Saturday, December 13, 2014

The UnGifted

Recently a reader commented that her kids didn't really want to do their evening at-home academic work. This comment really struck a nerve.  If I could summarize my entire world-view of children, parenting, and my blog it's this:  "It's a parent's duty to produce a gifted child whether the child wants to be gifted or not".

In this family, I am assuming that the kids definitely don't want to be gifted.  This is an assumption because I've never asked them and don't really care what their opinion is on extra work.  Also, they are boys and what boy wants to sit there reading a boring book or doing boring math?  Certainly not me.   All I know is that their behavior is way better when they do extra work instead of start playing and end up fighting, and extra work has a way of improving grades and test scores if done right.

I read through some articles from a few years ago to see if I documented the nightly battle to get kids to do their homework.  Fortunately, I only have a few dozen articles on this topic, but I could write 100 more.   Instead, I found my series on "the 99%" wherein I researched families and children that are in the 99% and listed their secrets.   I concluded that a child is in the 99% academically not because the child is special, but because the parent does not give up.

Last Thursday, we attended my 4th grader's first band concert.   It was like the music man in that the kids were awful and all of the parents were proud.   I was shocked to find out that one of the children dropped out.  As it was told to me second hand, "He didn't really want to be in band..."   Are you kidding me?  What parent would even ask their 4th grade boy what he thinks?  I tried to think of all of the valid excuses a child might have.  "Dad, none of my friends are in band", "Dad, I really hate playing the clarinet", "Dad, I would rather spend an extra hour a day doing math", "Dad, I don't like that boy who's parent writes a blog".  I have a response for each of these and none of my responses involve letting my child not do band.  I'm really disappointed because this particular child is going to be the most successful of all in terms of years in graduate school and my son, who will be a top salesman, needs friends like this.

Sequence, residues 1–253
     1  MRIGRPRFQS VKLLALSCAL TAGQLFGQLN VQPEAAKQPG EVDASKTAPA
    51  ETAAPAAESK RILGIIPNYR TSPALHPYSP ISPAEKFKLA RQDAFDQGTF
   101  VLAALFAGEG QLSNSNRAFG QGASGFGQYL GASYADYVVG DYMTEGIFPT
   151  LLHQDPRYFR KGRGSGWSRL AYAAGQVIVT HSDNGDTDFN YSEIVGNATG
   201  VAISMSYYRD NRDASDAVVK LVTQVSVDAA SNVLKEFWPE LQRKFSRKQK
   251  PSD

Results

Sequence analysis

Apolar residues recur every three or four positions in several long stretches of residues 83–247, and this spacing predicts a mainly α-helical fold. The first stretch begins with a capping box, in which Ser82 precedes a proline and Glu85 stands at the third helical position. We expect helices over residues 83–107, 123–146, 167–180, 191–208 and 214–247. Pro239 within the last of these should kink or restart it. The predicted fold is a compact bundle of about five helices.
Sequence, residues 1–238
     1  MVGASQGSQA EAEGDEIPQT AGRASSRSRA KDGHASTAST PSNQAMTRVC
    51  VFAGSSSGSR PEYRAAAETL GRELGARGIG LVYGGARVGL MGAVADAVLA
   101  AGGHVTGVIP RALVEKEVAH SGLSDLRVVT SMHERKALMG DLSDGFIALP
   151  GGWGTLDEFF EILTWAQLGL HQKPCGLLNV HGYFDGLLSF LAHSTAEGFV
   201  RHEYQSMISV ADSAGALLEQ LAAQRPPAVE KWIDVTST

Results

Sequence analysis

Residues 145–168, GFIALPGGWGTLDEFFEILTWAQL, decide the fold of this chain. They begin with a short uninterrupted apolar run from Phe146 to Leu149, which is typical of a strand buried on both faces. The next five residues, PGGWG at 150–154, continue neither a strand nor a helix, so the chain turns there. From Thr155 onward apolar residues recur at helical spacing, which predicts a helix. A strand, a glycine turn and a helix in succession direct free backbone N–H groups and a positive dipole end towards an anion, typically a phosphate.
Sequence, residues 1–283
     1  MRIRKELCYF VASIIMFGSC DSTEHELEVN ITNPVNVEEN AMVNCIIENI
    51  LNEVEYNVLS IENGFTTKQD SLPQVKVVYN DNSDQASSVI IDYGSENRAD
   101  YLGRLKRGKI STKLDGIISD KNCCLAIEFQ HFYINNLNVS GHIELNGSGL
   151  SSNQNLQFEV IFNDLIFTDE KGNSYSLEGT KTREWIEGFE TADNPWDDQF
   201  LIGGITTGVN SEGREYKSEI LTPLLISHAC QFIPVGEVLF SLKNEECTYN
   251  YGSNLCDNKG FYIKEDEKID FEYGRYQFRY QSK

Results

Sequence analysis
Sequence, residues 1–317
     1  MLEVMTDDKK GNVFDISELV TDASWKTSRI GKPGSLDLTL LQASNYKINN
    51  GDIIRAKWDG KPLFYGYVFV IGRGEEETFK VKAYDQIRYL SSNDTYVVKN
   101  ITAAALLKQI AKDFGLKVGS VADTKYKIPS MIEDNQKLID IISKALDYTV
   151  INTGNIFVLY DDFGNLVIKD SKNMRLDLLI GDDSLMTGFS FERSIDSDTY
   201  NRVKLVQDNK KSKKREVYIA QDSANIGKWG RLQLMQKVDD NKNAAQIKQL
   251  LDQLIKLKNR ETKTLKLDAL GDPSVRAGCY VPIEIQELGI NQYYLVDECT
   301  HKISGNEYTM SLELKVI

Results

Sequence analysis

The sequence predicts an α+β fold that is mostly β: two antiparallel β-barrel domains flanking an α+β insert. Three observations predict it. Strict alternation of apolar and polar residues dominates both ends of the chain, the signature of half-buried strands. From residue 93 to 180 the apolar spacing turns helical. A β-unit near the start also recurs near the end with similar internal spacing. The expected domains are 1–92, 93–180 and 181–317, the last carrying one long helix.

The band parents had a discussion about practicing, and some of the parents commented that their children were really gung ho about practicing early on but they practice less and less now.  There seems to be a consensus that this is up to the children.   Keep in mind that all of these kids are in the top gifted program in Chicago, maybe the country.  I sense a train wreck in the making.

My kid practices every night because he has to.  It's up to me to lay awake at night trying to figure out how to make him want it.  Lately, I got out an old clarinet and practice with him.  It's the high point of my day.  I wish I didn't quit band in the 7th grade.  In a few months this will get old and I'll try something else.

I convened the Parent Advisory Board from Competitive Parent Magazine on this topic and the results are mixed.  My experience is that it takes about 6 weeks of hell to get kids caught up and to the point where homework or practice goes smoothly and quietly.  My wife says it never goes smoothly and quietly.  The Guy From Work commented on sports and says it's definitely up to the child, and then he repeats his lecture on the topic and it's pretty clear to me and the children that it's not up to the child.

In the mean time, I'm assuming that my kids don't want to do stuff that they need to do, like study and be in band.  I'm also assuming that they lack motivation and organizational skills to successfully practice on a daily basis.   I'm further assuming that they will some day thank me for helping them do it and not letting them quit.

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